You can attend a webinar where you can listen to a speaker who is working in the field you want to get into. After the webinar, you can send out a personalized message to thank them and ask to connect via LinkedIn and eventually on the phone.


Some professional affiliations have also started networking platforms. For example, Ascend, the largest Pan-Asian professional community in North America. Ascend has launched Ascend Café and this is the platform that you’ll be able to network with people who work in the MNC or in one of the Big 4 consulting firms. Maybe you’ll be able to find your future mentor who can help you grow your career in the field you love! Check out how to maintain relationships with potential mentors in our previous blog.


My recommendations


If your OPT has already started/is about to start

If your OPT has already started but you haven’t been so successful with job interviews, you can also look for opportunities to volunteer your skills in order to stop the 90-day unemployment allowance clock, so you can maintain your F1 status. Contact your DSO at the International Student Services Office at your university to confirm what volunteering opportunities that you can pursue in order to maintain your F-1 status.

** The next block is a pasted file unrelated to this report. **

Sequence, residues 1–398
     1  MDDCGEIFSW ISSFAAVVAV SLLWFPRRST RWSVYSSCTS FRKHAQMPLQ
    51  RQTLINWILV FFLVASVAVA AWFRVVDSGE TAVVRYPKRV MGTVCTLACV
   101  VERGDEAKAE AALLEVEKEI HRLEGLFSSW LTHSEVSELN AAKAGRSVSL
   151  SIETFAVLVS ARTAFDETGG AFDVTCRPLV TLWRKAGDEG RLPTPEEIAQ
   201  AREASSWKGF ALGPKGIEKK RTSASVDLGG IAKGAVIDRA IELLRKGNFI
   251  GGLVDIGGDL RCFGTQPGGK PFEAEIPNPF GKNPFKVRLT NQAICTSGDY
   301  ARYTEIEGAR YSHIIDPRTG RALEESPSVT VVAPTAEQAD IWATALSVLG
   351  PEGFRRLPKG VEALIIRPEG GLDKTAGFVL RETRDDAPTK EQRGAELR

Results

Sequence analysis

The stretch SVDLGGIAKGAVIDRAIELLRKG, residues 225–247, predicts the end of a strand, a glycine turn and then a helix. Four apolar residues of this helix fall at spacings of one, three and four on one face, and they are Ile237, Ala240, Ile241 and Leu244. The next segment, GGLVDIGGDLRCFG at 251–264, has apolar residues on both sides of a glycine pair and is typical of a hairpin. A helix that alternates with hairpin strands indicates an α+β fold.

Whether your OPT has already started or is about to start soon, again, you will need to practice video calls until you feel comfortable with it. Check out our latest Podcast about job interview tips with Angela Jiang, a professional services director at one of the Big 4 Accounting firms.


If you still have time

If you are still in school and have some time (6 months or more), this is a perfect time for you to evaluate your skills for job searching. Which job search skills do you need improvement on the most:


  • Is it the interviewing skill? Did you get lots of interviews but didn’t get an offer?

  • Is it your resume? Do you apply for jobs online a lot but hardly get any interviews?

  • Is it your networking skills? Did you try to reach out to people and ask for referrals but none of them worked out?

  • Or something else?


Once you figure out what it is, it’s time to take action! Find an opportunity to acquire the right skills to successfully look for jobs. So Instead of worrying about things that are out of our control, I’d recommend that you spend your time on your personal growth and build your muscle for the job searching. And when everything comes back to normal, then you can bounce back quickly and grab the opportunities that come in front of you faster than the other candidates.


To get a head start, I’d like to offer you 50% OFF the Assessment & Game plan service at ICAway. Go to the Assessment & Game plan course page and use the coupon code BeStrong2020 to get the discount. This coupon code is valid until March 31, 2020.





Take care of yourself


Many of you may say “Coach Kwan, that’s easier said than done! All this bad news around me really makes me worried and I can’t concentrate on any personal growth activities at all!”


Dr. Henderson has shared in the webinar that it’s pretty common that during this time of certainty some of us may worry, experience problems with sleep or short temper, as well as many other symptoms(see image below).